Monitoring and Studying Volcanoes - 10 of 10
Monitoring and Studying Volcanoes FAQs - 10 Found
The United States and its territories contain 169 geologically active volcanoes, of which 54 volcanoes are a very high or high threat to public safety [National Volcano Early Warning System (NVEWS)]. Many of these volcanoes have erupted in the recent past and will erupt again in the foreseeable future. As populations increase, areas near volcanoes are being developed and aviation routes are increasing. As a result, more people and property are at risk from volcanic activity. Future eruptions could affect hundreds of thousands of people. To help prevent loss of life and property, the U.S. Geological Survey and its partners monitor these volcanoes, and issue warnings of impending eruptions.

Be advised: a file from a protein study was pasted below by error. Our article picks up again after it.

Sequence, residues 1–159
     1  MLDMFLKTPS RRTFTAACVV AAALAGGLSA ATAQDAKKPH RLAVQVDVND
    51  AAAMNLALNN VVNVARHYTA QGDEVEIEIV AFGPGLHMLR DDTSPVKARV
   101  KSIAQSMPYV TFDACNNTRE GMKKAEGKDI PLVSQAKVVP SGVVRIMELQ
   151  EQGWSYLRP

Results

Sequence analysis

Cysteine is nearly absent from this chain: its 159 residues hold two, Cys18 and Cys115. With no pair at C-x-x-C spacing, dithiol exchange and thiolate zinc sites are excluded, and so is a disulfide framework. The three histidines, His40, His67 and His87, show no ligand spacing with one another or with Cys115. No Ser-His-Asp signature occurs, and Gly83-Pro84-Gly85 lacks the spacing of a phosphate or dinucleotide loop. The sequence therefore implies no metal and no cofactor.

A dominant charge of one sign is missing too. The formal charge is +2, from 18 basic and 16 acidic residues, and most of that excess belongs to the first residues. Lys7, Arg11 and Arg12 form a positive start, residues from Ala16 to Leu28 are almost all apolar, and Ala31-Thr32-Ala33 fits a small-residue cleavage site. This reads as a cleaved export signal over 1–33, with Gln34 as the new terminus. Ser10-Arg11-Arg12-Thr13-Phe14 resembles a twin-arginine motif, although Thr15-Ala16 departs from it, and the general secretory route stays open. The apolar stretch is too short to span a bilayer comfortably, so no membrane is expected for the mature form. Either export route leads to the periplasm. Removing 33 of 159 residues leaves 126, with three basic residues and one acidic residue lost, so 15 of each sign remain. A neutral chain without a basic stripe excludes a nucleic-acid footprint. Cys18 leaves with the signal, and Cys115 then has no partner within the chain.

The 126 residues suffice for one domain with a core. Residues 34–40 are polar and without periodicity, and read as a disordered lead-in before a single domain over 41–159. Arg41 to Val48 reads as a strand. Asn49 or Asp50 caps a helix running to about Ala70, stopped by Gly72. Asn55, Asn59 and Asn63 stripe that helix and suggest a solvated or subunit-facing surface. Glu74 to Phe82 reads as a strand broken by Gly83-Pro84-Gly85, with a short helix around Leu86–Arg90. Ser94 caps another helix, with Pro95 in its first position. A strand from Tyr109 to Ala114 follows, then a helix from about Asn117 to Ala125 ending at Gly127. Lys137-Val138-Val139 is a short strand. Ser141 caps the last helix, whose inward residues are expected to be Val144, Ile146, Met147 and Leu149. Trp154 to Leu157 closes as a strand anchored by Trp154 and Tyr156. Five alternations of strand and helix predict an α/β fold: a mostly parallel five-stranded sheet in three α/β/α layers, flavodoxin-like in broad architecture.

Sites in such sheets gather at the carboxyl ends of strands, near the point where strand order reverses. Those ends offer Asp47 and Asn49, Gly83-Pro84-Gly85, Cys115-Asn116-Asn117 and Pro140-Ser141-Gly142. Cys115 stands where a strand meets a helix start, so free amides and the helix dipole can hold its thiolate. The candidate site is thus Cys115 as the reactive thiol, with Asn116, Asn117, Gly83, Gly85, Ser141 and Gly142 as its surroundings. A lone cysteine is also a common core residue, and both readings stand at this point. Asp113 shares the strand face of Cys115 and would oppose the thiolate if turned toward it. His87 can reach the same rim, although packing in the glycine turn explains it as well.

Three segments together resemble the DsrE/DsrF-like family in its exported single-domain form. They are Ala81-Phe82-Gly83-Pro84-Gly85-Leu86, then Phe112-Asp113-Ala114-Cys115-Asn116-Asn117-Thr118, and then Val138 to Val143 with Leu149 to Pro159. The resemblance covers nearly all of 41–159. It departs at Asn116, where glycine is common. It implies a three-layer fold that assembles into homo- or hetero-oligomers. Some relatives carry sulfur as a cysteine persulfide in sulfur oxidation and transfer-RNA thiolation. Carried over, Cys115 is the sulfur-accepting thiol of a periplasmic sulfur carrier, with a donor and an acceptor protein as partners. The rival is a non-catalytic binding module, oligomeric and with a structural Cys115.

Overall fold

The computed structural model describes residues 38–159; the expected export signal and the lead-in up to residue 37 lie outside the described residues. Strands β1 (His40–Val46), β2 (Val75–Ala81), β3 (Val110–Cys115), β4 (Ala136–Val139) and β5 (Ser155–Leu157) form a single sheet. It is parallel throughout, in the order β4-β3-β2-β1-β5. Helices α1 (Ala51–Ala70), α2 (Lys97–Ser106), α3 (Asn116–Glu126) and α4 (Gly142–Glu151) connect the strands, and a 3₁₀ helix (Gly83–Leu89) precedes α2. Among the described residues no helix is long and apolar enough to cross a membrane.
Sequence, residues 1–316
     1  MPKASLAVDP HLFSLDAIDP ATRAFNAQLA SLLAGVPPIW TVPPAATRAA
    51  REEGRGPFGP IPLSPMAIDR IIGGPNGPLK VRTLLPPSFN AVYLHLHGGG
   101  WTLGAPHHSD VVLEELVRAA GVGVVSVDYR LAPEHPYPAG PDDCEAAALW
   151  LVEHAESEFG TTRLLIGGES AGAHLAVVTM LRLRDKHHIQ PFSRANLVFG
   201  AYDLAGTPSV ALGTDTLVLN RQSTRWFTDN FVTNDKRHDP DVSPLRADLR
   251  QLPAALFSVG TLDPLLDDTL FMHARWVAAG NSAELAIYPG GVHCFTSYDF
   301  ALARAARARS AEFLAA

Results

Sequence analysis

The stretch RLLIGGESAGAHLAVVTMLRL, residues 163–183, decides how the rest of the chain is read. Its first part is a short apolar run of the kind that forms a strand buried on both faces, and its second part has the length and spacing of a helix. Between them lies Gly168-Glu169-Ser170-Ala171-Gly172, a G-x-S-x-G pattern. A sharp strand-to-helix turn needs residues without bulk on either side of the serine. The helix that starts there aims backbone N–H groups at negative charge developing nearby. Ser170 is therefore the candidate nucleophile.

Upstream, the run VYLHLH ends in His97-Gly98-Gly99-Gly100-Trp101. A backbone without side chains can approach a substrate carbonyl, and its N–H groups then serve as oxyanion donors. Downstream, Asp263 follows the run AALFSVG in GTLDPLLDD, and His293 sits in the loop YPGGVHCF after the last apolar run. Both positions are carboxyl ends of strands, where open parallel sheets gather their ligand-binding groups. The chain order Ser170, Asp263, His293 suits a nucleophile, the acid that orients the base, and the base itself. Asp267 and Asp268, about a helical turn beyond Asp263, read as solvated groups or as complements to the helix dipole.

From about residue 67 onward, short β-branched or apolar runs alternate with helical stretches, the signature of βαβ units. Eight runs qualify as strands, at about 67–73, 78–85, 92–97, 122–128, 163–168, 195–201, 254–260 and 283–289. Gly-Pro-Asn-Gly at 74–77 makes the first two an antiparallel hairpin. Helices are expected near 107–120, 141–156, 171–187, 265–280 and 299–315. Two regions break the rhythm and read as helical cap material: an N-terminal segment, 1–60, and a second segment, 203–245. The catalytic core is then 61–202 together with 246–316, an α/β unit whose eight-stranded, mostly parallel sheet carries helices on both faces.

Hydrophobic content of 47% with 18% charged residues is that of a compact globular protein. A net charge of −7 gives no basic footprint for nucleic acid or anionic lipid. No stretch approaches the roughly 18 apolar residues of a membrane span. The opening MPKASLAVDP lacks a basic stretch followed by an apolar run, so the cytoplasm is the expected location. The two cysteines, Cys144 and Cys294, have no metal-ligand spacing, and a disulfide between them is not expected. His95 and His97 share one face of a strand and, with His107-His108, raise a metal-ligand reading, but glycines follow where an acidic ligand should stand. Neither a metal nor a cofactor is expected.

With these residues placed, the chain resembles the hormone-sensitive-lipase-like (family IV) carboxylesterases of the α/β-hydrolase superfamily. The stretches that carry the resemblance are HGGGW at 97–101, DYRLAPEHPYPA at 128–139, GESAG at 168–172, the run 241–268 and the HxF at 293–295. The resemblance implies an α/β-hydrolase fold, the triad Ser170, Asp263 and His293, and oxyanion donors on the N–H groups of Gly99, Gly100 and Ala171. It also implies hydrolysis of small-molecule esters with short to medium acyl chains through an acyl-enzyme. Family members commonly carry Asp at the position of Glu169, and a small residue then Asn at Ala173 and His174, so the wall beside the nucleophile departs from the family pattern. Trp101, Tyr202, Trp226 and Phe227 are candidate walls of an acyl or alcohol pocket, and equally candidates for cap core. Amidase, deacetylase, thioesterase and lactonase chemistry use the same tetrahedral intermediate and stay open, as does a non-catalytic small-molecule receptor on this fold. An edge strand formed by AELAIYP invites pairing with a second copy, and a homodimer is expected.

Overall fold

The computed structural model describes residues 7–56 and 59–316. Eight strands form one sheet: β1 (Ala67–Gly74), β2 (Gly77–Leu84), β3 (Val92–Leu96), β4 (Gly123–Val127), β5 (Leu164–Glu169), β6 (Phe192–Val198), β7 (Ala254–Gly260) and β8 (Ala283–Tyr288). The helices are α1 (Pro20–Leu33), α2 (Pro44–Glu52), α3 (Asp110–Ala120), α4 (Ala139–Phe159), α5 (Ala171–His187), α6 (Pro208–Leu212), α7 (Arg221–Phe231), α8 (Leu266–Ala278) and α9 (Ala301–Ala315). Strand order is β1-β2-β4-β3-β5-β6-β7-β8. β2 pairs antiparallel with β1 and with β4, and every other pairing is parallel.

Real-time monitoring of volcanoes, with the use of volcano seismology, gas, and surface deformation measurements, permits scientists to anticipate with varying degrees of certainty, the style and timing of an eruption. While our present state of knowledge does not allow us to predict the exact time and place of eruptions, we can detect changes from usual behavior that precede impending eruptions. We communicate these changes in our volcano updates. The information in the volcano updates allows scientists, public officials, and people in communities at risk to make preparations that can reduce losses during an eruption. Because volcanoes can erupt with little warning, continuous monitoring is important even if a volcano is not showing signs of activity.